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Computer-delivered interventions for alcohol and tobacco use: a meta-analysis

Authors


Sally Rooke, National Cannabis Prevention and Information Centre, University of New South Wales, PO Box 684, Randwick, NSW 2031, Australia. E-mail: s.rooke@unsw.edu.au

ABSTRACT

Aims  To quantify the overall effectiveness of computer-delivered interventions for alcohol and tobacco use.

Methods  Meta-analysis of 42 effect sizes from randomized controlled trials, based on the responses of 10 632 individuals.

Results  The weighted average effect size (d) was 0.20, P < 0.001. While lower effect sizes were associated with studies addressing tobacco use (d = 0.14) this may well reflect differences in the types of outcome measure used. Effect sizes did not vary significantly as a function of treatment location, inclusion of entertaining elements, provision of normative feedback, availability of a discussion feature, number of treatment sessions, emphasis on relapse prevention, level of therapist involvement or follow-up period.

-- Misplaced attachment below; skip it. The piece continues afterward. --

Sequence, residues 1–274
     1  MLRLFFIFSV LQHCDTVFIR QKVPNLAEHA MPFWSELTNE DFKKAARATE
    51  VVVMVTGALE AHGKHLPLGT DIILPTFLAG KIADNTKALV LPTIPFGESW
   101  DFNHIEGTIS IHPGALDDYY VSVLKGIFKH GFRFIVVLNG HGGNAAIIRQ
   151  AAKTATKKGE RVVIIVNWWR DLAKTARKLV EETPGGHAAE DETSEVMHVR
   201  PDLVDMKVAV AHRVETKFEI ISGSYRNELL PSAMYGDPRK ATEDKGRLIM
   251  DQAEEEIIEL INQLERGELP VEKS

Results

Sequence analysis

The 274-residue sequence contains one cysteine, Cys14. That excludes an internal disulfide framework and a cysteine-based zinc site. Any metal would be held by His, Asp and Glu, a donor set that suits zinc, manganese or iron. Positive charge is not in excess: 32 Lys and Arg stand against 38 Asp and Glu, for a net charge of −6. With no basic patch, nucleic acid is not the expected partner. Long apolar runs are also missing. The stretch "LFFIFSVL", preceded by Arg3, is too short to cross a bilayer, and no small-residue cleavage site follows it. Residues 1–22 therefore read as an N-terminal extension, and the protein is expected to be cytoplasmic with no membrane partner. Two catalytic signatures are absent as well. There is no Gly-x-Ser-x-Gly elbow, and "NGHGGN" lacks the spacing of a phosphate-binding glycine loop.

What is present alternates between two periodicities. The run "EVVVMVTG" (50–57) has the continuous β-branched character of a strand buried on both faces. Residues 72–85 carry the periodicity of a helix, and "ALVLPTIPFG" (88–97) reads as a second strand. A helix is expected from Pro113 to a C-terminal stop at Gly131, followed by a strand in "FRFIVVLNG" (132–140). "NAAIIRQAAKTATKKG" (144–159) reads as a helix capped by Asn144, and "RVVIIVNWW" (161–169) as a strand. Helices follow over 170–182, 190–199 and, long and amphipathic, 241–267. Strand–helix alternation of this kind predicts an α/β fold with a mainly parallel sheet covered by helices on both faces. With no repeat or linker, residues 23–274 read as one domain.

Conclusion  Findings of the meta-analysis suggest that minimal contact computer-delivered treatments that can be accessed via the internet may represent a cost-effective means of treating uncomplicated substance use and related problems.

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